The main question is, how functional is it really?
With talk of a mid-engined Corvette reemerging and finally showing some signs of coming true, it seems that GM has entered an era where it feels more comfortable changing up the body styles of its flagship cars. Where as Mercedes will slap four doors on the AMG GT if it means more sales, Chevrolet and other American automakers have been adamant about altering their recipes too much. Good thing a tuner like Callaway is here to shake things up a bit.
Just as it had promised in the past, Corvette tuner Callaway took one of America's most iconic sports cars and built a body kit for its rear, enabling it to be turned into a shooting brake. The conversion can be done by Callaway facilities in Connecticut, California, or other authorized partner retailers and will set a Corvette owner back a not so small sum of $14,990 in addition to the price of the 'Vette. That's without taking into account the extra $2,980 it costs to have the new rear end painted to match the Corvette's body. The conversion kit includes a carbon fiber rear spoiler and can be added to any model of C7 Corvette including the Stingray, Grand Sport, and Z06.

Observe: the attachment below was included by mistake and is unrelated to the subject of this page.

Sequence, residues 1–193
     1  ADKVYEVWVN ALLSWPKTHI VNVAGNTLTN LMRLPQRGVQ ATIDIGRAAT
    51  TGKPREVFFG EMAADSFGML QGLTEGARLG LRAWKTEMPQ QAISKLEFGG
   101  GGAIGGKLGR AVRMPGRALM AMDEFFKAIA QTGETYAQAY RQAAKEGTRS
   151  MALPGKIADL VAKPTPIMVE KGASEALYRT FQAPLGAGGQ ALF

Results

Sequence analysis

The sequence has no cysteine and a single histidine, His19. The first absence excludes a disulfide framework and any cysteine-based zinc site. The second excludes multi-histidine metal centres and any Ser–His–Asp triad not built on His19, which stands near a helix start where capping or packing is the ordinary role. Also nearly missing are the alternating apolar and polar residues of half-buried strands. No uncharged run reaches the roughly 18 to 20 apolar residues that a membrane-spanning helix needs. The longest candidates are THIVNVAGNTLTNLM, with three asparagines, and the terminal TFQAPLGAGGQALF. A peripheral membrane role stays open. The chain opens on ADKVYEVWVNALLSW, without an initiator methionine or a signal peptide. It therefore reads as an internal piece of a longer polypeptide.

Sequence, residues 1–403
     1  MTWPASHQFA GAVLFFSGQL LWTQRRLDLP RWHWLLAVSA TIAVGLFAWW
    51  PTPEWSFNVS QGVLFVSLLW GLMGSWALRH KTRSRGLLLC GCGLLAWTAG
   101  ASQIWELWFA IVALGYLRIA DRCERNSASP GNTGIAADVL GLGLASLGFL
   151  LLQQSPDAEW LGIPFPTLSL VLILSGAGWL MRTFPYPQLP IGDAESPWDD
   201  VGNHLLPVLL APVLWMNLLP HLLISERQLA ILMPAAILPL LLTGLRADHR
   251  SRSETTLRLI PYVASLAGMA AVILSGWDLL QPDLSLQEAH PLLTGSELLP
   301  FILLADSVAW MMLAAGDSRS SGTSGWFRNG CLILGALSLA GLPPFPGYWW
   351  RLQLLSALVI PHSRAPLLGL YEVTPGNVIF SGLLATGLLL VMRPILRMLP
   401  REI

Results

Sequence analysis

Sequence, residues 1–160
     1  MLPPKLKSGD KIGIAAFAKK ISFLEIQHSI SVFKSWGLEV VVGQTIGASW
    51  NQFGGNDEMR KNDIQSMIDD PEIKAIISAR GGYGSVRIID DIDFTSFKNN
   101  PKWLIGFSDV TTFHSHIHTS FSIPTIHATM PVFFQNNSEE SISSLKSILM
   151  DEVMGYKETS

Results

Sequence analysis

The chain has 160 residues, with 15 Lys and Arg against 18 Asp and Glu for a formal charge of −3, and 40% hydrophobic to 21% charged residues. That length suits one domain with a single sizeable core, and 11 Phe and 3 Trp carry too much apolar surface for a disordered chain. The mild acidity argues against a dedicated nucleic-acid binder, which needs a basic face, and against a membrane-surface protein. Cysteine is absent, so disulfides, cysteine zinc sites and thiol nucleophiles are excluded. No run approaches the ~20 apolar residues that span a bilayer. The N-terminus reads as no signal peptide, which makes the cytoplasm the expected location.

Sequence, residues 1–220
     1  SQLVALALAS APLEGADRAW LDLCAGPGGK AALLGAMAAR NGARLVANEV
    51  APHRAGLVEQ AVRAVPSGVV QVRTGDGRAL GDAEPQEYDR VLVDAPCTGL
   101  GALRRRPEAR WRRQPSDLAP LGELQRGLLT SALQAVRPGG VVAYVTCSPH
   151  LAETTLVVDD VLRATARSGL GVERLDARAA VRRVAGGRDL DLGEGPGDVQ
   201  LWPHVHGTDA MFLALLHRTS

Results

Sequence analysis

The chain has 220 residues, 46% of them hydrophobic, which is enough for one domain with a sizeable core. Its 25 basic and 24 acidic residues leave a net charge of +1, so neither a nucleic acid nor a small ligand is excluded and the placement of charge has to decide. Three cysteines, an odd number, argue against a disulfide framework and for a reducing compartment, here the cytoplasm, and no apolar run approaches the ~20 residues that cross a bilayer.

The main problem we see is that the new wagon rear doesn't seem to accommodate a whole lot of extra room over the standard Corvette, meaning that the modification is more cosmetic than functional. Coming in at $17,970 including the cost of the paint job, that makes it a hugely expensive upgrade for a part that has no function aside from helping a Corvette stand out at a car show. Admittedly, we don't hate the design but it's also no looker like the Jaguar F-Type Shooting Brake rendering or the Ferrari GTC4Lusso, trading the rounded rear element of those cars for a squared off design more in line with the Corvette's rear end design. At least Corvette owners now sort of have a competitor to the new Mercedes-AMG E63 S Estate.